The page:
The annual convention for the American Association for the Advancement of Science, which starts in Washington, D.C., today, is usually pretty geared toward hard-core physics, virology, chemistry and the like. This year it’s been a welcome surprise to find there’s a strong focus on using research to improve learning. AAAS President Alice S. Huang plans to dedicate part of her keynote address to open the conference tonight on ways to encourage K-12 students to get and stay interested in science, technology, engineering, and math fields, and you can find more about the specifics of her plans over at Curriculum Matters.
Yet at a small press meeting with Ms. Huang this morning, I was particularly struck by her focus on improving research into pre-service teacher education generally. “It’s clear that in one particular area—that is training teachers, teacher schools, teacher colleges—it’s clear that there we have not done enough to attract the best of our young to enter teaching and also to provide them support while they are teachers out in the field.”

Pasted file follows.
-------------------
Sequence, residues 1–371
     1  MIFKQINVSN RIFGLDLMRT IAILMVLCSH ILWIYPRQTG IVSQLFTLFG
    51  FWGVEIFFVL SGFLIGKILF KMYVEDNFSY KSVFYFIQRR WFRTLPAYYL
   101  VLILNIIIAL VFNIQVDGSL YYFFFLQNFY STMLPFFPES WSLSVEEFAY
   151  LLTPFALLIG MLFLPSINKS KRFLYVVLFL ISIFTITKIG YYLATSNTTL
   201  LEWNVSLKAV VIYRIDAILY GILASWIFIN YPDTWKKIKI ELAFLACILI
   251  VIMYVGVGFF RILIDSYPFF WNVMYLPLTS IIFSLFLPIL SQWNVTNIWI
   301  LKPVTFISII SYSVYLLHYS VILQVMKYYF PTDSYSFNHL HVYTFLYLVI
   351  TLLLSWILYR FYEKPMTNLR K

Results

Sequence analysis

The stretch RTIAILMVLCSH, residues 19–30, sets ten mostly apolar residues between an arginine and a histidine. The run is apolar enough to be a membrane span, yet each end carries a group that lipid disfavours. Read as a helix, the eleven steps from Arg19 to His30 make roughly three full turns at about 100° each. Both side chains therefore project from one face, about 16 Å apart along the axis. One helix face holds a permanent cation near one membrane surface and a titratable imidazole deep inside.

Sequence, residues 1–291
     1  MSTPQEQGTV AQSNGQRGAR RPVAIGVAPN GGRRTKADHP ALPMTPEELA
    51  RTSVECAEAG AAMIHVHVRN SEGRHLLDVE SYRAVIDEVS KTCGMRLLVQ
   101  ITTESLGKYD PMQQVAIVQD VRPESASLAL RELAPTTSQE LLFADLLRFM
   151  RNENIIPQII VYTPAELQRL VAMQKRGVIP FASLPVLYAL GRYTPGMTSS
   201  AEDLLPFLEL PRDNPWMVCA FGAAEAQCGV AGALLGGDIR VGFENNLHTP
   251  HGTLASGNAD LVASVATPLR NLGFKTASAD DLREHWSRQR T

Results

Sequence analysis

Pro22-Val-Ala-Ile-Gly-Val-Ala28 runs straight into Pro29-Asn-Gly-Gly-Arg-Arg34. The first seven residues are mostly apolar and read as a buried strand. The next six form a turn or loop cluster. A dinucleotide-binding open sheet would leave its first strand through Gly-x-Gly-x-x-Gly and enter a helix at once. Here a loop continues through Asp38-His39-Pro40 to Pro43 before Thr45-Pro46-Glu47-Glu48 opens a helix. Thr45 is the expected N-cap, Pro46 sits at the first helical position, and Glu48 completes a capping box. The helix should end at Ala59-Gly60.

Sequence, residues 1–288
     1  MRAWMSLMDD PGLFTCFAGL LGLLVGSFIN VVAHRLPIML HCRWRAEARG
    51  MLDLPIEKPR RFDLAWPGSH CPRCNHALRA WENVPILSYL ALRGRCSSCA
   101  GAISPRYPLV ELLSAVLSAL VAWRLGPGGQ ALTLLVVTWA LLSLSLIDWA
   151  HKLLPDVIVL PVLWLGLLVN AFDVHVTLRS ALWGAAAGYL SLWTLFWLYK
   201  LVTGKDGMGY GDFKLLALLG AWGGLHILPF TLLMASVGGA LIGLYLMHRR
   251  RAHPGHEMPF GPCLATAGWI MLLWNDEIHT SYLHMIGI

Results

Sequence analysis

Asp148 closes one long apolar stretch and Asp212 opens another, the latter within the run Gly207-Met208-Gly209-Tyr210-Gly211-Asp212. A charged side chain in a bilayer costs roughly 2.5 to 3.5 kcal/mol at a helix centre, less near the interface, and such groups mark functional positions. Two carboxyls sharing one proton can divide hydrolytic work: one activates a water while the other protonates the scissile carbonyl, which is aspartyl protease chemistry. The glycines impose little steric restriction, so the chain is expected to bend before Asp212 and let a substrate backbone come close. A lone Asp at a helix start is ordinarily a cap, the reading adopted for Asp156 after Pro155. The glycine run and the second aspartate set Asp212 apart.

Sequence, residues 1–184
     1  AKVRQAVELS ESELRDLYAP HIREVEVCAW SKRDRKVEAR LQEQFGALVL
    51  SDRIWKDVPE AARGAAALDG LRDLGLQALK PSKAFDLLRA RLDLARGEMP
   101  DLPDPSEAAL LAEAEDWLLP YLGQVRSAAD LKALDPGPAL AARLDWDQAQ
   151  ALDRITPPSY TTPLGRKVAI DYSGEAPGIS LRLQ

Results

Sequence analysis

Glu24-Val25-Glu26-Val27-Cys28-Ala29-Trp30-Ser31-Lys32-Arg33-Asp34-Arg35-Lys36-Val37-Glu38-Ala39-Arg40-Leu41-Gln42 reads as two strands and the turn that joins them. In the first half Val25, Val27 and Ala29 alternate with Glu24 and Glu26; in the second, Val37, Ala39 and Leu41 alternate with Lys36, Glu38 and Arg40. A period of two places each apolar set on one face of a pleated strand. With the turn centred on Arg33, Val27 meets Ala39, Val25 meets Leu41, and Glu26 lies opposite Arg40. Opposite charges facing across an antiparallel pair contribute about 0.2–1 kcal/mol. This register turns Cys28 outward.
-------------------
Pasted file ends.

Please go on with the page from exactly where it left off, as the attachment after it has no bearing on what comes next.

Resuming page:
This year’s AAAS will highlight new research into moving successful lab results into actual classrooms; leveraging the cognitive strengths of multilingual students; using technology to help teachers stay up-to-date in their fields; and more. I’ll be blogging the convention, so please stop by if you are here.
A version of this news article first appeared in the Inside School Research blog.